We first got into the issue of suburban poverty by accident. We came tothe Metropolitan Policy Program to study the social issues facing citiesand regions, most notably poverty, and to advance public policy thataddresses them. Both of us were motivated to pursue this line of workby journalists such as Alex Kotlowitz and scholars such as William...
Poverty and the Suburbs: An Introduction
Drive about forty-five miles east of San Francisco, tracing a route acrossthe Bay Bridge, through the Caldecott Tunnel outside Oakland, past thewealthy suburbs of central Contra Costa County, and along the CaliforniaDelta Highway that eventually leads to the state?s Central Valley. Thereyou find a series of communities in transition? from industrial cities to...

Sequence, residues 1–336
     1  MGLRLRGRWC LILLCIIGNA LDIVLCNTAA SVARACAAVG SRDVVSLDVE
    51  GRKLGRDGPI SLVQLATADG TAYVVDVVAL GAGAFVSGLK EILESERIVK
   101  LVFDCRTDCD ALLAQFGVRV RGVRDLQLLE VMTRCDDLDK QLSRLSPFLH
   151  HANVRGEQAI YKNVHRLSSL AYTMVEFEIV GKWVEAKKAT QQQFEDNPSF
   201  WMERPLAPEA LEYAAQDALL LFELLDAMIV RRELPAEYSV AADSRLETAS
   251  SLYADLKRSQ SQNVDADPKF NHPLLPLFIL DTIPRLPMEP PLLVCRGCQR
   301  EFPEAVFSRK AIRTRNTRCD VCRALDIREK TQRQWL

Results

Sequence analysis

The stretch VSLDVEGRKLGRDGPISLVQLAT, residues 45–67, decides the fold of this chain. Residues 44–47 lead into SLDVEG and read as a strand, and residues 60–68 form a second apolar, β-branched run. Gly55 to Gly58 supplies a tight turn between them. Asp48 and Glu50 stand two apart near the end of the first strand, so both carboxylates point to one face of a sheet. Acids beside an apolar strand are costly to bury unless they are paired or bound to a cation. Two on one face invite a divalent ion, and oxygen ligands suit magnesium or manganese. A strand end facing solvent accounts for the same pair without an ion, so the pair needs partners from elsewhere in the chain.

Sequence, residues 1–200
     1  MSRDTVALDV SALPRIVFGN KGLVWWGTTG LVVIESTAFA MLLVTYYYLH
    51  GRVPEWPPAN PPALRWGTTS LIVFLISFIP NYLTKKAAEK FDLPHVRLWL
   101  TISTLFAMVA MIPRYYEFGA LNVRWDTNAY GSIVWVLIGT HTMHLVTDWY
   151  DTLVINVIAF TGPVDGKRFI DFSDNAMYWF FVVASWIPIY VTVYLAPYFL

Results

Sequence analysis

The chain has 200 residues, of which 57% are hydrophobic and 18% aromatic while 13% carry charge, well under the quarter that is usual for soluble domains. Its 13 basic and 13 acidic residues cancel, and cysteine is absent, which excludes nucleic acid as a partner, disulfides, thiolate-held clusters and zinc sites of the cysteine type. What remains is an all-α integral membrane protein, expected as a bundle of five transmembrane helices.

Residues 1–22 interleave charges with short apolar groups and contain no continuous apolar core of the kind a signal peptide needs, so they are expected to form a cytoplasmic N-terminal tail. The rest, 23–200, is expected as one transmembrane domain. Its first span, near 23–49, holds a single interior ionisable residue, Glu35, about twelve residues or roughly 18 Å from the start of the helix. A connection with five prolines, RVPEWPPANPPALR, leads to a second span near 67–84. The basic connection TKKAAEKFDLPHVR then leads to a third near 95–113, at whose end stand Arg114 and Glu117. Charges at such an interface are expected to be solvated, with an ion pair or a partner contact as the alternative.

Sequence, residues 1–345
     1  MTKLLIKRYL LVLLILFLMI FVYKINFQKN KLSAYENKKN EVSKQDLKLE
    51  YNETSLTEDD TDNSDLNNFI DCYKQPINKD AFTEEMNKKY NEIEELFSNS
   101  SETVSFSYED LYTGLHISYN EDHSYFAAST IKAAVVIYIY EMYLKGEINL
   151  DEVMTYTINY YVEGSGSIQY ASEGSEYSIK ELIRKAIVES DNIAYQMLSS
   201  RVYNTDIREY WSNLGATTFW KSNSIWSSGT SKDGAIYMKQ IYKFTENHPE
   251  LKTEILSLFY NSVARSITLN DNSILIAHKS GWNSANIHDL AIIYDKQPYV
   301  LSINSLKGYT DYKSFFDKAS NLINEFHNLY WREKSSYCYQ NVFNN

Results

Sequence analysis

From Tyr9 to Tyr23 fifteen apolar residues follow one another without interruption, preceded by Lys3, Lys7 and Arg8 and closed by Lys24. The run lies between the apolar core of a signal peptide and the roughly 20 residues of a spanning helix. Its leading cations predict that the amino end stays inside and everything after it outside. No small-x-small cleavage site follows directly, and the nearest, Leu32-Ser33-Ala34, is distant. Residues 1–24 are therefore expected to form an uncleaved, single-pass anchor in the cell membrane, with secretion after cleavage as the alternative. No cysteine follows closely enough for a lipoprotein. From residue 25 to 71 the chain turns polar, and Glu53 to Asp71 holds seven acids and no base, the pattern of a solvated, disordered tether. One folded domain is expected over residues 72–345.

Suburban Poverty, by the Numbers
Lakewood, Ohio, hugs the city of Cleveland?s northwest border. It is anarchitecturally diverse community. Some of its 50,000-plus residents livein Tudor homes in beautiful neighborhoods along Lake Erie. Others livein high-rise apartment buildings in the city?s nearby Gold Coast section.Still others live in smaller bungalows and multifamily duplexes that line...
Behind the Numbers: What's Driving Suburban Poverty?
The communities of South King County, Washington, inhabit the shad-ows of one of the nation?s leading economic lights: Seattle. Yet some ofThe small city of Tukwila, located along the city of Seattle?s southernborder, exemplifies that phenomenon. For much of the postwar period,Boeing plant or the Port of Seattle and its related warehouse industry....
The Implications of Suburban Poverty